What Is Hunger?

Everyone instinctively knows what hunger feels like. However, the biology behind what makes us hungry involves more complex matters.

Hunger begins with a hormone called ghrelin, which secreted in the lining of your stomach. After your body digests the food you have eaten and has used it as energy, your blood sugar and insulin levels begin to drop. Your gut will react by producing ghrelin and start signaling your brain that your body is in need for more fuel. In response to this, your brain releases another hormone named neuropeptide Y which will help stimulate your appetite.

See this article to learn more about this subject.

Correlation between Ghrelin and Leptin

While ghrelin plays an important part by sending a hunger alert to your brain, leptin will be the counterpart hormone that helps to decrease your hunger. This particular hormone is hidden in your fat cells, stomach, heart, and other parts of your body.

The amount of leptin your body produces will be depending on the amount of fat you have.  mainly in fat cells and a few other locations. It also correlates with fat mass. The more fat that you carry, the more you will make.

The mechanism of leptin is the hormone, created by fat tissue, travels to the circulatory system. From there, it travels further to the hypothalamus (part of your brain that controls the hormone production) by letting it know there is enough fat. In response to the message, the needs to eat diminishes and the hormone begins to boost your metabolism.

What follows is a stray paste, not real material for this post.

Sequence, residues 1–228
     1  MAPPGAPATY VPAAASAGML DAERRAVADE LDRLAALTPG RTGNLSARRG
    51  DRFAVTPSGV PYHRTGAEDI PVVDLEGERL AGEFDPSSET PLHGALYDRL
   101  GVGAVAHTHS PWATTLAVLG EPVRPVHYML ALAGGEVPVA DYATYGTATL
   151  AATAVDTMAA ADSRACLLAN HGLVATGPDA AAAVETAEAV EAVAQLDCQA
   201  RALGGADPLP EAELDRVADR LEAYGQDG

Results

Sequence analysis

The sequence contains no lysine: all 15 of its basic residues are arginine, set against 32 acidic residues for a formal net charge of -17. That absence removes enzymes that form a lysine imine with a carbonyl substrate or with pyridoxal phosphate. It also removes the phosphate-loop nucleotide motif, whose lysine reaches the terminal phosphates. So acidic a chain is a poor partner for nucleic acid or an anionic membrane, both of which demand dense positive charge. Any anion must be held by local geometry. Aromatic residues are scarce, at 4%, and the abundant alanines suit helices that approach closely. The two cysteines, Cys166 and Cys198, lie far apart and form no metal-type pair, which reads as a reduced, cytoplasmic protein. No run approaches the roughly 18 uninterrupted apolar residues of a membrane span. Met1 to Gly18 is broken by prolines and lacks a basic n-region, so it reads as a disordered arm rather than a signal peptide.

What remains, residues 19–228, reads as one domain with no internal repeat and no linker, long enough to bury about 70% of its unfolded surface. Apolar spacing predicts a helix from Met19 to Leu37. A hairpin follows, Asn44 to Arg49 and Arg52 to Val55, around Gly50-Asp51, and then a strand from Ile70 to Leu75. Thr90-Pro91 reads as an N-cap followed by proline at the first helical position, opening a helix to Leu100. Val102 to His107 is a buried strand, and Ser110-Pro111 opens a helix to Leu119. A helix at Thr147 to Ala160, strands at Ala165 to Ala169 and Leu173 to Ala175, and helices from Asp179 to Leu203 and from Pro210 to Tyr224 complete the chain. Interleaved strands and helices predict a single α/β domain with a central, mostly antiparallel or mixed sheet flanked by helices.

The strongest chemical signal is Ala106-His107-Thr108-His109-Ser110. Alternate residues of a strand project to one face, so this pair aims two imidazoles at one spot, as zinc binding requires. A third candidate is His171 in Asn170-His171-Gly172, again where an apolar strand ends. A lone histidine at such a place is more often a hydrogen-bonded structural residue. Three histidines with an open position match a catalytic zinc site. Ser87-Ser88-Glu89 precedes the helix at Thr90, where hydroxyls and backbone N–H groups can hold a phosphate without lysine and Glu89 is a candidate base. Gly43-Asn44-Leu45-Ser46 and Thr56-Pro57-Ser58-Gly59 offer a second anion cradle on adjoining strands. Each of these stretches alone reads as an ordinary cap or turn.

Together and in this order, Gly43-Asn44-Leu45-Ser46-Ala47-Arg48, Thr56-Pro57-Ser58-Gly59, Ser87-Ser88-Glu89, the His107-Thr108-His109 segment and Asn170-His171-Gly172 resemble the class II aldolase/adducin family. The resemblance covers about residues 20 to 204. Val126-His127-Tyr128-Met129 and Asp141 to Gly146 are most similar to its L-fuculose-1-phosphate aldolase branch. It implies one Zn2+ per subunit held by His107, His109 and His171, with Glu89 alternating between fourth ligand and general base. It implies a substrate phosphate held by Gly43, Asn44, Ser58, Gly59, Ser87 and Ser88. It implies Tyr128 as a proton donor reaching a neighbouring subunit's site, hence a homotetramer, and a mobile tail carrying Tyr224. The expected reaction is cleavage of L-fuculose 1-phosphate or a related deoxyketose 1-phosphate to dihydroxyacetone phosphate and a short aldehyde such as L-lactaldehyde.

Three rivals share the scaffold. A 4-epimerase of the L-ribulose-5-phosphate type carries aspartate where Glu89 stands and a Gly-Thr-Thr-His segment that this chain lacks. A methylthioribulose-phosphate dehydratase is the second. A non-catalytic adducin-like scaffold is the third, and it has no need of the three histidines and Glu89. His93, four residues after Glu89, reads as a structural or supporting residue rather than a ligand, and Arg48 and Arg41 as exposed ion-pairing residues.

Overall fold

What is Leptin Resistance?

If your brain depends on leptin to control your hunger, then why some of us are having difficulty to control the urge to stop eating?

There is a possibility your brain has stopped reacting to the signal (produced by leptin) to reduce your hunger and to increase metabolism. As far as your body knows, you are still hungry.
The cycle runs as follows:

  1. Body fat increases as you eat more.
  2. More leptin is produced in the fat cells as your body fat increases.
  3. Leptin doesn’t properly communicate to the brain when there is too much fat.
  4. The brain thinks you need more food.
  5. You end up getting fatter and hungrier.
  6. You eat more and gain more.
  7. The cycle repeats itself.

This kind of resistance is similar to insulin resistance. Insulin resistance occurs when your body’s cells become resistant to the effects of insulin. Insulin is the hormone that is responsible for unlocking the cells to receive glucose.

Both of these phenomena may occur with obesity. There are a few theories for why the obesity occurs. One theory is leptin is having difficulty getting to the hypothalamus due to the possibility of the proteins that carry leptin across the blood brain barrier may not be functioning properly.

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